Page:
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Anthony Elliott

Anthony Elliott

Anthony Elliott is Executive Director of the Jean Monnet Centre of Excellence at the University of South Australia, where he is Research Professor of Sociology and Dean of External Engagement.  He is a Fellow of the Academy of the Social Sciences in Australia, Senior Member of King’s College Cambridge, and SuperGlobal Professor of Sociology (Visiting) at Keio University, Japan. He is the author and editor of more than forty books, and his recent publications include The Culture of AI: Everyday life and the digital revolution (2019), Concepts of the Self (2020, 4th Edition), and Reinvention (2021, 2nd Edition).

Anthony Elliott reviews ‘Trouble With Strangers: A study of ethics’ by Terry Eagleton

March 2009, no. 309 01 March 2009
Terry Eagleton has been widely hailed as Britain’s most important contemporary literary critic. He is surely that, and a great deal more besides. Marxist maverick, cultural theorist, budding novelist and playwright, he was for many years the Thomas Warton Professor of English Literature at Oxford University. Having traded Oxford for the University of Manchester in the early 2000s, Eagleton has ... (read more)

Anthony Elliott reviews 'The Politics of Climate Change' by Anthony Giddens

February 2010, no. 318 07 October 2022
Few academics, policy analysts or politicians can see any humour in climate change. It is as if the doomsday prediction that our civilisation will one day self-destruct as a consequence of global warming has already, perversely, closed down the possibilities for lighter, more creative responses to one of the most urgent issues of our time. To acknowledge a humorous side to catastrophe is not, howe ... (read more)

Anthony Elliott reviews 'A Social History of Dying' by Allan Kellehear

July–August 2007, no. 293 26 August 2022
It is remarkable how death has loomed so large in the social sciences over the past couple of decades. From mangled bodies to mediated mass killings, from the medicalisation of dying to the ‘snuff’ movies of hardcore porn: death obsesses the sociological imagination. If among students of society, death has become an immensely fashionable topic, its broader social consequences remain, oddly, a ... (read more)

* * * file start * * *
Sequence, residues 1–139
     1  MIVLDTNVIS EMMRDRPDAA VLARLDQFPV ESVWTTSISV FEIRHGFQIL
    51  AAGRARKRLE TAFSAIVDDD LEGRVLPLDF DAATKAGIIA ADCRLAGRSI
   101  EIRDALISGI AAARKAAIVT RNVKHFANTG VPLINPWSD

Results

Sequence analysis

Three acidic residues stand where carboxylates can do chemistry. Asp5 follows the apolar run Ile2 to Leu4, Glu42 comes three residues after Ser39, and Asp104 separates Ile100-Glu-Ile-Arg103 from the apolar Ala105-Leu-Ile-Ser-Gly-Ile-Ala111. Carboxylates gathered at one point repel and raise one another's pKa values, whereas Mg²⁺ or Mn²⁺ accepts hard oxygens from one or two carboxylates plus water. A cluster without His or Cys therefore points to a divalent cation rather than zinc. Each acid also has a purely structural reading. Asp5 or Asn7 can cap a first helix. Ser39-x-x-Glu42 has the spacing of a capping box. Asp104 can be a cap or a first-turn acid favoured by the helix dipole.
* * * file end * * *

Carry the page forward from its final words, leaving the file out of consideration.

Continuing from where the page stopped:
Anthony Elliott reviews 'The Cosmopolitan Vision' by Ulrich Beck translated by Ciaran Cronin and 'Power in the Global Age: A new global political economy' by Ulrich Beck, translated by Kathleen Cross

March 2007, no. 289 01 March 2007
A spectre is haunting the globe – the spectre of cosmopolitanism. You might discern it in the call by José Manuel Barroso, president of the European Commission, for a new kind of European justice, replete with regional police force (Europol) and magistracy (Eurojust). You might glean it from the global spread of human rights movements, protesting the suffering of children and civilians in, say, ... (read more)

Anthony Elliott reviews 'Bauman: A biography' by Izabela Wagner

September 2020, no. 424 21 August 2020
With the possible exception of Jean Baudrillard or Anthony Giddens, it is difficult to think of a contemporary sociologist who has rivalled the international intellectual standing, as well as global fame, of the late Zygmunt Bauman. In his subtle, worldly intelligence, his interdisciplinary engagement, and his poetic cast of mind, Bauman stands out as one of the most influential social thinkers of ... (read more)

Anthony Elliott reviews 'The Life of I: The new culture of narcissism' by Anne Manne

September 2014, no. 364 01 September 2014
It is now approaching eighty-five years since Freud published his seminal book, Civilization and Its Discontents (1930). A foundational work of psychoanalytic cultural criticism, Freud’s focus was repression and its cultural consequences. He argued that sexual repression, and its associated guilt, had become the fundamental problem of modern societies. Freud understood society as a kind of trade ... (read more)